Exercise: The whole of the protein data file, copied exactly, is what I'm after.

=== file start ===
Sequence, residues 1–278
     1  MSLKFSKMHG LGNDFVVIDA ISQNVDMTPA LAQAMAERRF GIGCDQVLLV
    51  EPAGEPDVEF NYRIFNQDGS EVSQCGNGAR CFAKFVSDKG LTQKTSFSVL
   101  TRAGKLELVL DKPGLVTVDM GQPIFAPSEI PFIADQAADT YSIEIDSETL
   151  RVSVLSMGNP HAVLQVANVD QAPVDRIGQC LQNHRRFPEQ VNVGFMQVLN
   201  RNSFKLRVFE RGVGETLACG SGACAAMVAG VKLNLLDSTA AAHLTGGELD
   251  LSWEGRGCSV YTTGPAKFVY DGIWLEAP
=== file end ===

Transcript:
Sequence, residues 1–278
     1  MSLKFSKMHG LGNDFVVIDA ISQNVDMTPA LAQAMAERRF GIGCDQVLLV
    51  EPAGEPDVEF NYRIFNQDGS EVSQCGNGAR CFAKFVSDKG LTQKTSFSVL
   101  TRAGKLELVL DKPGLVTVDM GQPIFAPSEI PFIADQAADT YSIEIDSETL
   151  RVSVLSMGNP HAVLQVANVD QAPVDRIGQC LQNHRRFPEQ VNVGFMQVLN
   201  RNSFKLRVFE RGVGETLACG SGACAAMVAG VKLNLLDSTA AAHLTGGELD
   251  LSWEGRGCSV YTTGPAKFVY DGIWLEAP